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Committee formed to examine race and inequality at BYU

At the request of President Kevin J Worthen and under the direction of Academic Vice President Shane Reese, last week a committee was appointed to examine issues of race and inequality at BYU and provide recommendations to the university about specific actions to address these issues. The committee will meet for the first time this week.

The committee will first prioritize opportunities to better listen to, and better understand, the experiences of black students, faculty and staff on campus to help inform adjustments and changes that can assist BYU in being a more safe and welcoming place for BYU’s community members of color.

The committee takes seriously the charge issued by President Russell M. Nelson and leaders of the NAACP:

“We likewise call on government, business, and educational leaders at every level to review processes, laws, and organizational attitudes regarding racism and root them out once and for all. It is past time for every one of us to elevate our conversations above divisive and polarizing rhetoric. Treating others with respect matters. Treating each other as sons and daughters of God matters,”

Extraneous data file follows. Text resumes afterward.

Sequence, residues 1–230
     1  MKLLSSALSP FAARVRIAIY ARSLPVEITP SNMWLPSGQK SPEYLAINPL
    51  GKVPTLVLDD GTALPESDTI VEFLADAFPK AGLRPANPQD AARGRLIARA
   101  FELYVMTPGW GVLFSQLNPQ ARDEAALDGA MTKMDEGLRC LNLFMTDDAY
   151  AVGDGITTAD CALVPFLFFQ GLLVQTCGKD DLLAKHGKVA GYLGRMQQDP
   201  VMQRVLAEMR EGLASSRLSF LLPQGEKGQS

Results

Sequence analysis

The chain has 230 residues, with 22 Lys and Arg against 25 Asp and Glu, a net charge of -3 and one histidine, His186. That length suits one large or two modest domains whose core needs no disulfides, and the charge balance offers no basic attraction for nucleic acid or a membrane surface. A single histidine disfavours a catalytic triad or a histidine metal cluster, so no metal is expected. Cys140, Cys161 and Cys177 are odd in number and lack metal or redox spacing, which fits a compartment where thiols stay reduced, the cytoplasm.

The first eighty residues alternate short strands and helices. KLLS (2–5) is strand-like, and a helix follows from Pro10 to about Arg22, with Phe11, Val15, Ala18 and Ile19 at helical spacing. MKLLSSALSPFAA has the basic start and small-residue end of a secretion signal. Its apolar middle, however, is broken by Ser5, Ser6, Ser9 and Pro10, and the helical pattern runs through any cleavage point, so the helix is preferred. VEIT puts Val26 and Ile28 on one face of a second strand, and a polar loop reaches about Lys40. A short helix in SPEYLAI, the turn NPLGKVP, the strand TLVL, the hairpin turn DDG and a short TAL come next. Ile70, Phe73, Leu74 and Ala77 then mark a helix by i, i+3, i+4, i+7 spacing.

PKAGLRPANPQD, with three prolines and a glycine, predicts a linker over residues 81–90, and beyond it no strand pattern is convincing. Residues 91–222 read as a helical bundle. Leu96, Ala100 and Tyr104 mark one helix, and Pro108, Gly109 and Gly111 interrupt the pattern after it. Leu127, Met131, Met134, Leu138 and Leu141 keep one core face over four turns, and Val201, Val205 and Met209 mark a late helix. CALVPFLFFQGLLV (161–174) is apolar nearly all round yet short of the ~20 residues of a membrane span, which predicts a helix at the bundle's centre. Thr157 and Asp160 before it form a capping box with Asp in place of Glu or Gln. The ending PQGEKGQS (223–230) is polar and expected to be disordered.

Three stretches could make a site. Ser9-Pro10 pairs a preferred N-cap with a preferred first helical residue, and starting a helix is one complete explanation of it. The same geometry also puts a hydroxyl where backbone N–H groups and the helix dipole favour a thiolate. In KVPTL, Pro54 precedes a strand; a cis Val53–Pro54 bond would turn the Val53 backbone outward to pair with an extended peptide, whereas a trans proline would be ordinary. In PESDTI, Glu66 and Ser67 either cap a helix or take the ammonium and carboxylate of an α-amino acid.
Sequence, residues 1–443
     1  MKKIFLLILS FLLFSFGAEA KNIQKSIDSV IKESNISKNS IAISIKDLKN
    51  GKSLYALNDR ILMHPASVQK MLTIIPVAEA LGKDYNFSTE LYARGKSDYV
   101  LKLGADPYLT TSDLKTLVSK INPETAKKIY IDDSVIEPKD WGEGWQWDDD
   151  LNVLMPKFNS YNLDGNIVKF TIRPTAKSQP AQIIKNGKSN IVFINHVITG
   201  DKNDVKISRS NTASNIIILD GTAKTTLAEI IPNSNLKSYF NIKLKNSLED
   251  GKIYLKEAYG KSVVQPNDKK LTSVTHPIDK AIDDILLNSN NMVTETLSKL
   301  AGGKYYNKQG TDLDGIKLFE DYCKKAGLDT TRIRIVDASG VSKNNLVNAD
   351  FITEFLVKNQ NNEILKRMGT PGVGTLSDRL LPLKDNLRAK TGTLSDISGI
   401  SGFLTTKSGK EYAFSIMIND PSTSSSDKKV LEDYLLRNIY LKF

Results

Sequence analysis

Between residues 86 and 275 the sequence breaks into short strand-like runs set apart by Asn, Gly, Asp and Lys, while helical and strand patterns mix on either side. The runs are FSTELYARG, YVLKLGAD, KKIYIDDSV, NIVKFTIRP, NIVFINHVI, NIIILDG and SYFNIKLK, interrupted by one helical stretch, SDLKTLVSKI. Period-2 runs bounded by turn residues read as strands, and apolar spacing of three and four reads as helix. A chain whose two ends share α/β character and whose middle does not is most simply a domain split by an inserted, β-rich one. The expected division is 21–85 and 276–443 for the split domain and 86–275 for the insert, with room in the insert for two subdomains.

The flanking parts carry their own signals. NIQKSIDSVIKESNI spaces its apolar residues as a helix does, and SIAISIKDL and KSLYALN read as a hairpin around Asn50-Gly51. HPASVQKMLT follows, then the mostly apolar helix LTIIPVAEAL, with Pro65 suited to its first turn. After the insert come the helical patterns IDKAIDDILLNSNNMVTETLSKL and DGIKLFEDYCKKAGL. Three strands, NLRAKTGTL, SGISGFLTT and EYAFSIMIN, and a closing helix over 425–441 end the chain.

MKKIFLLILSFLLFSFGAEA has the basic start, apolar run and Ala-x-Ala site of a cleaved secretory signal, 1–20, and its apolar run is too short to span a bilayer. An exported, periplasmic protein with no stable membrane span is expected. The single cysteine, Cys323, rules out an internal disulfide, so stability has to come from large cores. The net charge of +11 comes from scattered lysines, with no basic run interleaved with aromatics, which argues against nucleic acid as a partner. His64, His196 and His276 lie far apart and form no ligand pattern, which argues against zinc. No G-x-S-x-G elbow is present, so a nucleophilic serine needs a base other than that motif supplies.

Along with President Nelson’s encouragement on social media to:

  • Foster our faith in the Fatherhood of God and the brotherhood of man.
  • Foster a fundamental respect for the human dignity of every human soul, regardless of their color, creed or cause.
  • Work tirelessly to build bridges of understanding rather than creating walls of segregation.

The newly-appointed committee members are:

Moises Aguirre, Multicultural Student Services
Ryan Gabriel, Department of Sociology
Lita Little Giddins, College of Family, Home, and Social Science
Vern Heperi, Office of Student Success and Inclusion
Carl Hernandez III, J. Reuben Clark Law School
Jon McBride, University Communications
Stephani Perkins, Athletics – Women’s Track
Shane Reese, Academic Vice President’s Office

Beyond this committee, many other members of our BYU community will be utilized in assisting in this work. Of particular importance will be the voice of BYU students.

The committee is eager to get started, and will immediately commence its work by reaching out to many students and members of the BYU community, ready to listen.

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